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Getting Started in a New Company

Welcome to your new organization!

Chart Your Course

  • Many companies build an Onboarding program with your success in mind.
  • Their goal is to help you get what you need to be successful
  • But, they also do not want to teach you EVERYTHING at one time.
  • They have a process they follow. So, trust the process.

Slow Down!

  • Resist the urge to “speed” through onboarding. Take advantage of the time you have to figure out how to structure knowledge, tools, and resources for use later.
  • Resist the “check the box” urge to get it done without learning anything new.
  • Resist the urge to “skip what you think you already know.”

Learn your company

 Onboarding should be designed to give you information and knowledge about:

  • Your buyers and who you sell to
  • What do buyers value from your company, and what do they want to discuss?
  • The value propositions of your company and what buyers consider valuable to them
  • Stories and proof points in the customer’s voice, sharing what results they achieved
  • Your products and solutions, including what people value and why they value it
  • Your company’s team and “who’s who”
  • HR processes, productivity tools, and knowledge are required for all employees.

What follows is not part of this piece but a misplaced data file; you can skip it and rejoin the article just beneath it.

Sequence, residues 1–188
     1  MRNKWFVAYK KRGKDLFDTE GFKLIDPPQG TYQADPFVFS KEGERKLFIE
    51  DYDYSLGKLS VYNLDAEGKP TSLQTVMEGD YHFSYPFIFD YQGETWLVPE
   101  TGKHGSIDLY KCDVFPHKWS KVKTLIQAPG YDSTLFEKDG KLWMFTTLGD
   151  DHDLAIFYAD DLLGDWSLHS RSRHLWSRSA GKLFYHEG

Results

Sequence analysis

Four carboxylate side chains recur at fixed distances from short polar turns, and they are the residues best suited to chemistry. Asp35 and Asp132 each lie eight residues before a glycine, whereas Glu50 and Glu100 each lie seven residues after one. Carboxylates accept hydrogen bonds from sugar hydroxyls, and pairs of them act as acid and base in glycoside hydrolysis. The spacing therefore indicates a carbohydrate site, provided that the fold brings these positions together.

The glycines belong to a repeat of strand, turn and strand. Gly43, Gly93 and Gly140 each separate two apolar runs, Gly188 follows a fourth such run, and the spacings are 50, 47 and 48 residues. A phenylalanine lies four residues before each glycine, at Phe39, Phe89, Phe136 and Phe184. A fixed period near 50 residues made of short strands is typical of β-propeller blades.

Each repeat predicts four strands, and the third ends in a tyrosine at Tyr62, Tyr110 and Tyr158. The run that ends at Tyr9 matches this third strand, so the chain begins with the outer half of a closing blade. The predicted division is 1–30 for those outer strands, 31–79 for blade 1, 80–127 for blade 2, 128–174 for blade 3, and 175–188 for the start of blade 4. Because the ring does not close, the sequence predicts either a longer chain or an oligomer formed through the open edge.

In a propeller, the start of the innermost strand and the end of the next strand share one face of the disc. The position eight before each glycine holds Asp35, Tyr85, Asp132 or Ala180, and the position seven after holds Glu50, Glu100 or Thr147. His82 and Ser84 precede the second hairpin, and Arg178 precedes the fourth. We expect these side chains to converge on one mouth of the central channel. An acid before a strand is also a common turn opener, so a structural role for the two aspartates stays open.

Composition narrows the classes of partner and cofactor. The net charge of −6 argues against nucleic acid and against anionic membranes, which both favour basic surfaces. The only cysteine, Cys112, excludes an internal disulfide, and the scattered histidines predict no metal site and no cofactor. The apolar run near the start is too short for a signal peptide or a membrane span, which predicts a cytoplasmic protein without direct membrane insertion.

Collect Onboarding Resources and Bookmarks

Collecting onboarding resources and bookmarks can be a helpful way to capture information as you go through the onboarding process. Here are a few steps you can take to collect onboarding resources:

  1. Determine what resources are needed: List the company’s resources to help you in your role. This might include training materials, company policies, and contact information for key team members.
  2. Gather resources for your role: Collect all necessary resources and organize them in a way that is easy for you to access. You might create a shared folder or document containing all the resources or a bookmark folder with links to relevant resources.
  3. Test and update resources: Test all the resources to ensure they are still accurate and up-to-date. If something doesn’t work, ask your peers and manager if it’s still relevant and essential. Try to find the correct links if necessary.
  4. Communicate with your manager: Share the onboarding resources with your manager and explain your learning. Make sure to review the resources with your manager and ask questions.

Collecting and organizing onboarding resources as you go through the onboarding program is essential. You’ll need to structure your approach to finding what you need.

Make sure you look over (and bookmark) relevant internal support pages, such as

  • IT Support
  • Setting up office Queries
  • Payroll / Pay Queries
  • Stock / RSU Queries
  • Expense Queries:
  • Office Related Queries
Updated on June 27, 2023

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